Liang and Lin
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Liang and Lin
Partners in Exploring China's Architectural Past

Wilma Fairbank. Foreword by Jonathan Spence

256 pages | 6 x 9 | 31 illus.
Paper 2009 | ISBN 978-0-8122-2040-7 | $21.95s | £14.50 | Add to cart

"Liang and Lin is the story of a romance and of a heroic struggle against great odds. . . . Wilma Fairbank, who is the only person . . . who could have written this story, has created an affecting portrait of the final years of an epoch when Old China faded away and New China took its place."—New York Times

"No one who reads it will forget it."—Boston Globe

Wilma Fairbank documents, from both a historical and a uniquely personal perspective, the professional and personal achievements of Lin Whei-yin and Liang Sicheng. Liang and Lin were born in early twentieth-century China, a time when the influences of modernism were slowly bearing down on the traditional culture. In the 1920s, they traveled together to the Beaux Arts universe of Philadelphia, where they both graduated with honors from the architecture department of the University of Pennsylvania. Married in 1928, they returned to their native land and became the first two professors at the newly founded school of architecture in Shenyang's Tung Pei University.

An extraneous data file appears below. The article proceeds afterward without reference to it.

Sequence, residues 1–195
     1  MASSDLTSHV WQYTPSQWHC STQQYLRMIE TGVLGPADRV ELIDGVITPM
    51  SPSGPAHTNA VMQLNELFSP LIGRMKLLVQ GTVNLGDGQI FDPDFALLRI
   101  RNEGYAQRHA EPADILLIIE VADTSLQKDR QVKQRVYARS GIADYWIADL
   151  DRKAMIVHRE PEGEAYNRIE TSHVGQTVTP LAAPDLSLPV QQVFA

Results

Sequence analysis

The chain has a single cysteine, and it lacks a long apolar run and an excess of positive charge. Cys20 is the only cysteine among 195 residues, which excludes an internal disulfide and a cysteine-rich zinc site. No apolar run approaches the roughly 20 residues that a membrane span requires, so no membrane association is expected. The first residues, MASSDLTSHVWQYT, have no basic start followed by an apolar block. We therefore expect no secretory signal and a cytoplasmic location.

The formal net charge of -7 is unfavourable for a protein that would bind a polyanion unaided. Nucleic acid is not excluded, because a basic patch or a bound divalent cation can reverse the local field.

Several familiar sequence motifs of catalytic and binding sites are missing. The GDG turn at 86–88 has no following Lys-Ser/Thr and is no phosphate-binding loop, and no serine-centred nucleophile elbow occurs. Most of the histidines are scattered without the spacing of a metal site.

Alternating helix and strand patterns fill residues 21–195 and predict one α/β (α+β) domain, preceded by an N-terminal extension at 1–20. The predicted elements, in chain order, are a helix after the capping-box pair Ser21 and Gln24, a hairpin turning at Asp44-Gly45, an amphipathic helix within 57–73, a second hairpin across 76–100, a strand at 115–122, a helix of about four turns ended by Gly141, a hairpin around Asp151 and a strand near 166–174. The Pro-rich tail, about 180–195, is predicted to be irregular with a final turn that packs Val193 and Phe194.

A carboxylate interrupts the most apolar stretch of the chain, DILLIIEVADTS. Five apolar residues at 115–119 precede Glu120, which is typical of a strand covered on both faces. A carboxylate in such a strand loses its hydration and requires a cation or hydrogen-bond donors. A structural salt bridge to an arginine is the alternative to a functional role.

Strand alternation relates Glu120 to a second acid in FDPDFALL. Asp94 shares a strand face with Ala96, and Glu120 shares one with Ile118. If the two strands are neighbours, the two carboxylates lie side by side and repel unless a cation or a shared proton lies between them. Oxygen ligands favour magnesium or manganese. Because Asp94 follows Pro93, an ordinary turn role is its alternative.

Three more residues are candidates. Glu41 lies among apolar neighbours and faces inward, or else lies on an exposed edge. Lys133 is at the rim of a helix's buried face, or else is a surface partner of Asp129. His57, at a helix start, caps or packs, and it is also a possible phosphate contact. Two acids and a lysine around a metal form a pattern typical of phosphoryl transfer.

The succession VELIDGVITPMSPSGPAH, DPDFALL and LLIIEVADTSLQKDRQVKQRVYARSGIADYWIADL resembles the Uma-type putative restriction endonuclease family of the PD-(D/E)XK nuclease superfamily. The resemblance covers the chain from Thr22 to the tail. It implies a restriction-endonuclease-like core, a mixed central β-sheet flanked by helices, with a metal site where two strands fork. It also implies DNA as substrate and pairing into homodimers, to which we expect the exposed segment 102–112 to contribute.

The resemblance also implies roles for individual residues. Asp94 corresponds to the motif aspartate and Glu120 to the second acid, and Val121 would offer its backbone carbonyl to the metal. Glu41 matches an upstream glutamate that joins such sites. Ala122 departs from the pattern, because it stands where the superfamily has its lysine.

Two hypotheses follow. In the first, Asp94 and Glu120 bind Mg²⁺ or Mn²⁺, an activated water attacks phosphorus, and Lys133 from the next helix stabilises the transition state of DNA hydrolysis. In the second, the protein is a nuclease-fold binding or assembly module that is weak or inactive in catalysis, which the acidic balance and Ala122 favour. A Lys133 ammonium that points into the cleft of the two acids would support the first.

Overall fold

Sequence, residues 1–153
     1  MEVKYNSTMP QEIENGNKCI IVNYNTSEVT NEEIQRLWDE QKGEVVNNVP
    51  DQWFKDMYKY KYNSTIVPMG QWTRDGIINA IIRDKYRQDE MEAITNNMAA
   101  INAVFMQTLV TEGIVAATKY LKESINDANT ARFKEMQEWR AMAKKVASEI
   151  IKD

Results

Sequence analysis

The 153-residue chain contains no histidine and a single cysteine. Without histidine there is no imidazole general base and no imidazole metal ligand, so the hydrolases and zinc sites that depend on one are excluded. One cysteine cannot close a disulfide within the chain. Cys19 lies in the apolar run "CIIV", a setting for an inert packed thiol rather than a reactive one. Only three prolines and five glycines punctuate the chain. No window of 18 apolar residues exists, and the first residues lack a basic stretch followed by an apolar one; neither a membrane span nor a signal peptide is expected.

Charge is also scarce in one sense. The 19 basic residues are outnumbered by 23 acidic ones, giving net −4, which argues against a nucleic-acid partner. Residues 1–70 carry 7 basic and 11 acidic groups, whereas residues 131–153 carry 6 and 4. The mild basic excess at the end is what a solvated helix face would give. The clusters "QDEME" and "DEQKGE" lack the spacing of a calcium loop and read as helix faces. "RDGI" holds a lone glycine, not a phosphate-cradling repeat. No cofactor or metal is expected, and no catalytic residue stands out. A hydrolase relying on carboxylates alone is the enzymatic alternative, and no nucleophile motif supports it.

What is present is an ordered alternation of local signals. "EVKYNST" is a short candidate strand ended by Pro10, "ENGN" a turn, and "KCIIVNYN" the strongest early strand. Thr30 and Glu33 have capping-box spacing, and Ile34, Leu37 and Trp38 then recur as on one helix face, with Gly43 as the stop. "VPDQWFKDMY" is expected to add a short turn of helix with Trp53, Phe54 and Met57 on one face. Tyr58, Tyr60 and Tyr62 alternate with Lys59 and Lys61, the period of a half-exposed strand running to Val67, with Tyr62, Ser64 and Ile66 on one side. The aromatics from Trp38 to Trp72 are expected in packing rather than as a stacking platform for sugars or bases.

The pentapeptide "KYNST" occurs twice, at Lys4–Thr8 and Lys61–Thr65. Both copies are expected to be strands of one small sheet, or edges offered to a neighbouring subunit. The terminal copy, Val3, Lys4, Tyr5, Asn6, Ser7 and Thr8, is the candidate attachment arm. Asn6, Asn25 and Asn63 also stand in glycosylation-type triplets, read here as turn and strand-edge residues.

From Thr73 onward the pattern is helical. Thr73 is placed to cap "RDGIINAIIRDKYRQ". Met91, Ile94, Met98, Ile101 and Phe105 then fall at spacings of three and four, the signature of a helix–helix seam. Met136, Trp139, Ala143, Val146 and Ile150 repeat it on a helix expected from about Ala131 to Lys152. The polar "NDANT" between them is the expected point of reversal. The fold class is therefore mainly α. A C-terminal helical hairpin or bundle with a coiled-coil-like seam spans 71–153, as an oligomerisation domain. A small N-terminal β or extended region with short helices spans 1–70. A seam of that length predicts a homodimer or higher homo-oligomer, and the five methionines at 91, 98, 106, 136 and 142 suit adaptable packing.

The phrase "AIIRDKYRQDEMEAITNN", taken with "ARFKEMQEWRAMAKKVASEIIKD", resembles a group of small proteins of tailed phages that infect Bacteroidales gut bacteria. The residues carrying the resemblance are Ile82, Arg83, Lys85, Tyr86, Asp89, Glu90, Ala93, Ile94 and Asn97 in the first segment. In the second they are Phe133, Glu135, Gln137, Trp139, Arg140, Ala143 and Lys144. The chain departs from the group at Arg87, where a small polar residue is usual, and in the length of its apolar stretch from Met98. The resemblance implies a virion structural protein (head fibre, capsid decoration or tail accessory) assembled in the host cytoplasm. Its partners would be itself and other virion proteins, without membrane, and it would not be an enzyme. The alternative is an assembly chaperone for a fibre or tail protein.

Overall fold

Wilma Fairbank and her husband, John King Fairbank, Harvard University's eminent historian of modern China, were lifelong friends of Liang and Lin. This relationship allows the author, herself a noted researcher of art and architecture, to paint a vivid picture of the couple within the context of China's turbulent past. Fairbank recounts how Liang and Lin used their Western training to initiate the study of China's architectural evolution. She also documents—as seen through the eyes of Liang and Lin—the tragic events that ravaged the Chinese homeland and its people: the 1937 invasion and bombings by the Japanese military and the ensuing illness and poverty; World War II and the civil war; the rise to power of the Communist government in 1949; and the victimization of the scholar class during the Cultural Revolution of 1966-76.

Fairbank provides a highly readable, emotionally charged personal account of the couple's lives, and the numerous and sometimes horrific torments and humiliations they suffered. And, finally, when it was all too late, the posthumous praise and recognition.

Wilma Fairbank (1909-2002) is editor of Liang Sicheng's A Pictoral History of Chinese Architecture.

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